Today’s subject, cultural pandemic has two parts. The culture part and the pandemic part. Let us start by looking at each individually.
Edgar Schein defined culture as the pattern of basic assumptions that a given group has invented, discovered or developed in learning to cope with its problems of external adaptation and internal integration, and have worked well enough to be considered valid, and, therefore, to be taught to new members as the correct way to perceive, think and feel in relation to those problems. Culture is more than a broad set of aspirational statements, it is more than what they see, hear or feel when they walk into the reception of your offices or factories. Based on the above definition, there are a number of aspects to developing a culture. External adaptation and internal integration refer to how your company responds to the demands of the outside world whilst continuously improving how things happen internally.
Now, a pandemic is defined as “an epidemic occurring worldwide, or over a very wide area, crossing international boundaries and usually affecting a large number of people”. However, in this instance, I will redefine a pandemic as a set of practises occurring automatically amongst a group of people, often confined to an organisation, and usually affecting a large number of people inside and outside the organisation. A key characteristic of a pandemic is that its impact is felt at places significantly distanced (in terms of space and time) from the original epicentre, much like the ongoing pandemic.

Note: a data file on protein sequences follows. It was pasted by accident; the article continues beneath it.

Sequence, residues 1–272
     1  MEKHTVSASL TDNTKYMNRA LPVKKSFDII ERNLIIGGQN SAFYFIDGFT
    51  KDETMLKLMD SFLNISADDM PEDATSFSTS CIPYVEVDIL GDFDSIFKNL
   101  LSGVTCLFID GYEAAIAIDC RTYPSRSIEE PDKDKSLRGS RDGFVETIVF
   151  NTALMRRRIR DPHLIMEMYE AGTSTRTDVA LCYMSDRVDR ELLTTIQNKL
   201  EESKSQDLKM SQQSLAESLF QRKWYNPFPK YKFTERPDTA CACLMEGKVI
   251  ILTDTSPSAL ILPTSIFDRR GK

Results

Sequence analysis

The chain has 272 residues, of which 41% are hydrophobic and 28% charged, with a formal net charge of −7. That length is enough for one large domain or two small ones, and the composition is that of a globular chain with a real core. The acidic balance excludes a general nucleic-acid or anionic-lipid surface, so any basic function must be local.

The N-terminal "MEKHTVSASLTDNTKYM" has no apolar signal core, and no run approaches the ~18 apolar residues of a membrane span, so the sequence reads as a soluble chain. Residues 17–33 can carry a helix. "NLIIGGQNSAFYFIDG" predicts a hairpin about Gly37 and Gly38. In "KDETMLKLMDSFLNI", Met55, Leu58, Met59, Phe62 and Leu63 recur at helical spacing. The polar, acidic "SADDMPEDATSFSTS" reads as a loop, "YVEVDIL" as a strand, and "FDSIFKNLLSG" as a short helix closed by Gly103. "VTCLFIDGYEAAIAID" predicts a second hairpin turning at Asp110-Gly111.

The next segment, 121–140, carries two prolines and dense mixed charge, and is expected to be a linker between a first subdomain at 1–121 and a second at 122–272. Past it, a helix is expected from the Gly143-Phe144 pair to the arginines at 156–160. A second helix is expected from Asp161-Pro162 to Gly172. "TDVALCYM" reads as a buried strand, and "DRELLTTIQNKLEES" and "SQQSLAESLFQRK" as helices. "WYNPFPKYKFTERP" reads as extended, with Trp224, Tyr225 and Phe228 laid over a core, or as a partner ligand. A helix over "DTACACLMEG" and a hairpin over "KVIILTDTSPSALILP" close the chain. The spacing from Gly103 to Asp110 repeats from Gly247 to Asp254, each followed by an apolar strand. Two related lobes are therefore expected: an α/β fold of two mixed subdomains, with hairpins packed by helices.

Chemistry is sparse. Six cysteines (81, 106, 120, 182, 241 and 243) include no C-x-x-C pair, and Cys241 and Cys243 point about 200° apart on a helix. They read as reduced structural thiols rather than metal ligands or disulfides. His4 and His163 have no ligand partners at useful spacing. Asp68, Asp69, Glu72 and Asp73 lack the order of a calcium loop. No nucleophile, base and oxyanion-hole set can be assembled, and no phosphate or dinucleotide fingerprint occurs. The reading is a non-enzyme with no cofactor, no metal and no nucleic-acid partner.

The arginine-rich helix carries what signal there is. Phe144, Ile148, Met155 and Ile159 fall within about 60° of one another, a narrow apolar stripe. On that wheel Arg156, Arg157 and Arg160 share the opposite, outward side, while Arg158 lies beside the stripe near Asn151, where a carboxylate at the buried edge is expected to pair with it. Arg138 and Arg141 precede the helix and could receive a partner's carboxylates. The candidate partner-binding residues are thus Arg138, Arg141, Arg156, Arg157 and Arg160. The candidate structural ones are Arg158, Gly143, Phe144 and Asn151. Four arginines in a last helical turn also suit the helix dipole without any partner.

Now, what is a cultural pandemic? A pattern of basic assumptions and practises occurring in a group of people often within an organisation, that continue to be followed despite changing times, needs and dynamics.
How do you spot one? This is how we have always done things around here, and that is how it has always been. Do these sound familiar?
I wouldn’t call it a pandemic if the results were always positive and beneficial. Unfortunately, cultural pandemics do exist, and they cause more harm than good. Battling a cultural pandemic is not an easy task either. The simple reason for this is that these are embedded in the way we do things, and the ways in which we are comfortable. A fundamental human characteristic is to stay within our comfort zone, fighting these pandemics means coming out of it.
So, how does one battle a cultural pandemic? It is a combination of various things and starts with acceptance. It will need incredible levels of patience, being adaptable, curiosity and ability to ask the right questions, root cause analysis and problem solving, and most importantly, a people-centric approach. My three pointers for you today are:
- Cultural pandemics exist in organisations, and are easy to spot
- This happens due to a basic human nature of wanting to stay with our comfort zones
- Cultural pandemics can be overcome with the right approach and mindset